The new integration leads to a re-vamped document viewer and grading interface that looks in, the promotional videos, like it will be a lot easier to use. Everything is controlled by a single side panel, rather than having to switch between tabs as in the current document viewer. This new viewer also includes features such as:
  • Formatting for bubble comments
  • Context menu when adding an in-line comment
  • Rubrics represented as sliders
  • Thumbnail view to navigate document
What else?
Some of the other items on Turnitin’s tentative roadmap (which they stressed is subject to change) are:
  • Non integer grades – estimated to arrive in  Q3 2016
  • Individual extensions – estimated to arrive in Q1/2 2016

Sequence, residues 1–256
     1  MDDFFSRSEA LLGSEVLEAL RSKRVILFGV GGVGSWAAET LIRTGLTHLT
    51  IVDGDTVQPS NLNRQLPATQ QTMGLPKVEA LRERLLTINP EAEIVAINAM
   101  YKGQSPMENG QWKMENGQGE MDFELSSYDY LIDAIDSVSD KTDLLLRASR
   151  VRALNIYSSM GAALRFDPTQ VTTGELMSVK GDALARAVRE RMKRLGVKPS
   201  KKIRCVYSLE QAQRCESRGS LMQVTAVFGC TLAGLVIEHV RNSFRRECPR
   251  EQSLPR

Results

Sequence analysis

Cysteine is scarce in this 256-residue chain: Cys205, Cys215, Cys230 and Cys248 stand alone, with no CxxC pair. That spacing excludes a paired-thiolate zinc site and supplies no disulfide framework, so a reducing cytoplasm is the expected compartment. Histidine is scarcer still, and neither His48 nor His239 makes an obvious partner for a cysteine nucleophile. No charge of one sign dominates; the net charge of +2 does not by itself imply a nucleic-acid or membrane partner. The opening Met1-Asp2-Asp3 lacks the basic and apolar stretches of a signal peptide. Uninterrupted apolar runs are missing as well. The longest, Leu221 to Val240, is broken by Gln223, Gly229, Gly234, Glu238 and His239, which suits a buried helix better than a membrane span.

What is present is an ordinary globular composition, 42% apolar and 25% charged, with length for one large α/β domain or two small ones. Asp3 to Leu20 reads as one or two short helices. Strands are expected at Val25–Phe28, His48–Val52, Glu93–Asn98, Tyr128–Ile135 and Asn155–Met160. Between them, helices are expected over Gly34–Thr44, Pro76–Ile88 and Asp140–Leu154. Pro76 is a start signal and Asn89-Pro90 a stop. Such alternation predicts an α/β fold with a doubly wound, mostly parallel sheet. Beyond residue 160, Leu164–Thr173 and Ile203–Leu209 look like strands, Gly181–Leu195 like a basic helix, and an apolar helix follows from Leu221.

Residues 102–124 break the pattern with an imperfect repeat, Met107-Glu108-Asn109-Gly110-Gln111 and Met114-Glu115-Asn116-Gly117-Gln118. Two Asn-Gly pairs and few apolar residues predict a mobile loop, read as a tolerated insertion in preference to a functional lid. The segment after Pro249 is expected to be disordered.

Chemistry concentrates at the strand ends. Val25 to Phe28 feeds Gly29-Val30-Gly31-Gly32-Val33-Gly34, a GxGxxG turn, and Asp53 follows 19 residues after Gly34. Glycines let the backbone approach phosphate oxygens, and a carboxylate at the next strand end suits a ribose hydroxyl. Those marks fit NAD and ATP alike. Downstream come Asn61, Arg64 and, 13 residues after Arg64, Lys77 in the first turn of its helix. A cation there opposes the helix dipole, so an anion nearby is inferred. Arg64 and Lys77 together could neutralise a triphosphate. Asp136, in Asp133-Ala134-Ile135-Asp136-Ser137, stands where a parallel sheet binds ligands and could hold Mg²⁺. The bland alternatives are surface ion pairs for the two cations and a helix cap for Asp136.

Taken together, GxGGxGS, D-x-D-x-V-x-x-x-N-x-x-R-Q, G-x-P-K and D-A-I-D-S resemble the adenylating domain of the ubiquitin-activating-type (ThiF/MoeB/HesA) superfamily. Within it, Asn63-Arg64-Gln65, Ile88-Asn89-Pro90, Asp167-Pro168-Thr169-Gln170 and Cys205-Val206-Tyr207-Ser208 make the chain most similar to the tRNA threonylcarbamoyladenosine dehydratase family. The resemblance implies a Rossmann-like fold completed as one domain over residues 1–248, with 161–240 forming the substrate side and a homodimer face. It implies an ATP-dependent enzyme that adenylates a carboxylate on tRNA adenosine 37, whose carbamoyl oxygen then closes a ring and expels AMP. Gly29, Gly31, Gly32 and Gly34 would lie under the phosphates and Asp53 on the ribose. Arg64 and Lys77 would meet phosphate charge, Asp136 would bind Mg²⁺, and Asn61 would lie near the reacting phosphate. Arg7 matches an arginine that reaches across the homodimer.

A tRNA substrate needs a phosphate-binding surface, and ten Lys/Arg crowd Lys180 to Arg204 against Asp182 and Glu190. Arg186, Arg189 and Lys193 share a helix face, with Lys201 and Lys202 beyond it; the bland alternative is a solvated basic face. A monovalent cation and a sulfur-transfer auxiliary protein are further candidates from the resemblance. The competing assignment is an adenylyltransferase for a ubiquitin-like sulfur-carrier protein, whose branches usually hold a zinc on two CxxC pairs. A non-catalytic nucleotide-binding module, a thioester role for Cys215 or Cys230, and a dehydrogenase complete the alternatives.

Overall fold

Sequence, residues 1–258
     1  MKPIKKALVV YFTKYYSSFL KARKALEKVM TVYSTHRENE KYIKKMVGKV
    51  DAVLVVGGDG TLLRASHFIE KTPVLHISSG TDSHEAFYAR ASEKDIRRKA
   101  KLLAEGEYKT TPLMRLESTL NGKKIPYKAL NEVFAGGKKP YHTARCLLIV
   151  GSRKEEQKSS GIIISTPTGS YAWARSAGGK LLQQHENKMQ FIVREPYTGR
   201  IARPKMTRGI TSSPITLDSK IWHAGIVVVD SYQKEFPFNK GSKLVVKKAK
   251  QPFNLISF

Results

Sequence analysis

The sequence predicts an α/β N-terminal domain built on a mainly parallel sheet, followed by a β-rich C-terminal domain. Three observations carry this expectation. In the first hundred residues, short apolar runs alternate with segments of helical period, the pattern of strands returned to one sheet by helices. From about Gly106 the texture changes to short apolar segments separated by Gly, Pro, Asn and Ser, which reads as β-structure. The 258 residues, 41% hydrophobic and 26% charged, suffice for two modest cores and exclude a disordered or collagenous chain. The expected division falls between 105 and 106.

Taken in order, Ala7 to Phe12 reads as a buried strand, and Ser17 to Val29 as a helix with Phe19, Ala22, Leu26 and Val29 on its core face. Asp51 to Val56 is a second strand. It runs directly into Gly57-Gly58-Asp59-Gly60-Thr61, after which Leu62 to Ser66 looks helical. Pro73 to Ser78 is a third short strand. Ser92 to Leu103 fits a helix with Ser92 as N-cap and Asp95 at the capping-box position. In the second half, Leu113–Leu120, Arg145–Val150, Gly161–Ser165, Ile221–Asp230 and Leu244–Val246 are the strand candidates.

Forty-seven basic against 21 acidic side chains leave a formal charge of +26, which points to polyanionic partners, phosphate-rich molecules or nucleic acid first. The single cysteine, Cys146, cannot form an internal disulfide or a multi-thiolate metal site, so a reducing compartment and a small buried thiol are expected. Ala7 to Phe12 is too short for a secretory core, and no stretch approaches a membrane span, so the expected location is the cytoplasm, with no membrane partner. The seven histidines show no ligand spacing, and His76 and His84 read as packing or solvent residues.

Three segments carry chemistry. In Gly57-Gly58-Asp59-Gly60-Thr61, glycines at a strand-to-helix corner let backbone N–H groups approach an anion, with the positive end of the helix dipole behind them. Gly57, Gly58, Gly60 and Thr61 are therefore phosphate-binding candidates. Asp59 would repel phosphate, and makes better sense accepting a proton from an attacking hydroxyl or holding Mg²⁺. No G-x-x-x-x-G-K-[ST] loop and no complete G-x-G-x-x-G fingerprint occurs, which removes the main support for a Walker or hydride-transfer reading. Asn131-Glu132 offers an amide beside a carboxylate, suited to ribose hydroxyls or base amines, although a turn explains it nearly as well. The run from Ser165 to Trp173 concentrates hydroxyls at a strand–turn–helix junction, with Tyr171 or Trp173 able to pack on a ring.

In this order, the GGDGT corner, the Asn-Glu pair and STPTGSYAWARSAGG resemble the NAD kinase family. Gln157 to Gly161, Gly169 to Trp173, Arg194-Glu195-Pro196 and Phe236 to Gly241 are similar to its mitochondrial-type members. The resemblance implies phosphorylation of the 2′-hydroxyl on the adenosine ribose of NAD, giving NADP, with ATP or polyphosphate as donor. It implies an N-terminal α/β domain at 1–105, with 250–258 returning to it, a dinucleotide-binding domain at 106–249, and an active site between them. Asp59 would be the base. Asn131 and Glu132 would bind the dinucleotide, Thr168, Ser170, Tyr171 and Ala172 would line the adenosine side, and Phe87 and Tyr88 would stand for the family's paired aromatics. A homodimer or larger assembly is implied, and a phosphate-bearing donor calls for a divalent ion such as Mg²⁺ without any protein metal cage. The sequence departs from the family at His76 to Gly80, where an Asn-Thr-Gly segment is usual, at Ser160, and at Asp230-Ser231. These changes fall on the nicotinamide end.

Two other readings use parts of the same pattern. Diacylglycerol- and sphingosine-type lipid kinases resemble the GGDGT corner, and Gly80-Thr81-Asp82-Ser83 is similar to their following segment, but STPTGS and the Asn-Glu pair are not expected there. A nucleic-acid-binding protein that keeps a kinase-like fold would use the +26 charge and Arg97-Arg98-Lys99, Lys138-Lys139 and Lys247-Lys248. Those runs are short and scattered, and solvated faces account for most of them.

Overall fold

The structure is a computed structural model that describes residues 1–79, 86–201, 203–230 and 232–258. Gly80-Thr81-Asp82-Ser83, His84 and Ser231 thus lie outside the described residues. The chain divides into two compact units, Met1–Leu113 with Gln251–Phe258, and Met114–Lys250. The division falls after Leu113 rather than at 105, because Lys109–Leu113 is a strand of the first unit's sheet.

They also said that they were planning to launch a research project into how group work might be facilitated in Turnitin. As this is only at the very initial stages I would caution it will be a while until anything is produced (if ever depending on the outcome of the research). For group submissions I would still recommend Moodle assignments, you can find out more about how this works in the UCL Moodle Resource Centre wiki.

Turnitin outage – 19th September 2015

By Domi C Sinclair, on 7 September 2015

We have just received the following message from Turnitin:


Service Announcement

Scheduled Maintenance on September 19th

Turnitin services will be mostly unavailable during a scheduled maintenance period on Saturday, September 19, 2015 from 15:00 to 19:00 UK time Time (see local time: tinyurl.com/p9jumkk).

Instructors are encouraged to modify assignment due dates either before or at least several hours after the scheduled maintenance window.


ELE would echo this sentiment and kindly encourage all tutors and course administrators to ensure due dates are clear of this maintenance window if you are using the Turnitin system.

If you have any questions please email ele@ucl.ac.uk